2. Introduction

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2.1  The scholarly publishing research cycle

This report is about the scholarly publishing research cycle: the virtuous circle by which researchers disseminate their research findings and build upon the findings of others. More concretely this is the process of researchers producing research outcomes, these outcomes are published by publishers, libraries provide access to the research, and then researchers read the research and use that research to build their own future research.

Such a model is obviously overly simplistic. The reality is an increasingly complex ecosystem with a wide range of actors that don’t fit neatly into the categories of ‘Researcher’, ‘Publisher’ or ‘Library’: research funders; research institutions; search engines; social network sites; publishing platforms; and the wider public. The web also provides a means by which publishers can provide access to research without the need of libraries, and libraries can publish research without the help of publishers.  

Nonetheless, the simplified model provides a useful framework in a time of changing roles, new players, and increasing complexity. As George Box famously stated, ‘all models are wrong, but some are useful’.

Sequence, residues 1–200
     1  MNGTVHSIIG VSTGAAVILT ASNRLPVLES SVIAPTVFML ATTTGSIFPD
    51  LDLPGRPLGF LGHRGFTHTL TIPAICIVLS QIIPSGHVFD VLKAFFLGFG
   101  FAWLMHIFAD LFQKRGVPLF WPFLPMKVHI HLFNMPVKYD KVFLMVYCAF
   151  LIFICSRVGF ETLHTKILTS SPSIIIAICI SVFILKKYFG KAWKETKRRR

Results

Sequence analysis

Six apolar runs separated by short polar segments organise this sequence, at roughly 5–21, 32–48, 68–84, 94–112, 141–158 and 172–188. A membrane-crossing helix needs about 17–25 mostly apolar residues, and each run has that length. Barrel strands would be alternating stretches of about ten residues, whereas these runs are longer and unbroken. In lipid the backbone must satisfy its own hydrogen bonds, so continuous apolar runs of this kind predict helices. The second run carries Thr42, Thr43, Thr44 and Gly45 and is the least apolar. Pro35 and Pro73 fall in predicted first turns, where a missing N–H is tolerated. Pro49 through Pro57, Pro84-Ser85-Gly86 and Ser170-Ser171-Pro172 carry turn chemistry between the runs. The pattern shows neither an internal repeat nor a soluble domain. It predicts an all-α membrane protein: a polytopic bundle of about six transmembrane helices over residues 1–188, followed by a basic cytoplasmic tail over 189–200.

2.2 The structure of this report

This report is based on the findings of an online survey and a series of interviews with researchers, publishers and information professionals, and the simplified model of the traditional scholarly publishing research cycle is used to provide a structure for the report.

Following an overview of the methodology, and a discussion of the overall findings of the survey, the main body of the report is structured according to the traditional roles played by each of the three sectors, and the issues that were identified as being the most significant.

The changing information ecosystem not only means that traditional roles are not tied to any single type of institution, but the issues raised can also have an impact on multiple roles. For example, whereas subscription costs were once associated solely with providing access to research, now it is equally important with the publishing of research. For the sake of brevity, the issues are addressed in the most pertinent place.


Producing research

  • Researcher funding
  • Publish or perish
  • Measuring impact


Publishing research

  • Changing publishing model
  • Open access and licensing
  • Data and non-traditional scholarly output support
  • Trust and validation


Providing access to research

  • Institutional relevance
  • Accessibility
  • Piracy
  • Discoverability


Each of the issues is discussed in terms of its perceived importance, how the respondents perceive the issues, and some of the respondents’ suggestions as to how the issue could be addressed.

A mixed methods approach was taken to identifying some of the challenges affecting the scholarly publishing cycle, combining an online survey with a smaller number of in-depth interviews with people working in the research, publishing, and library sectors.

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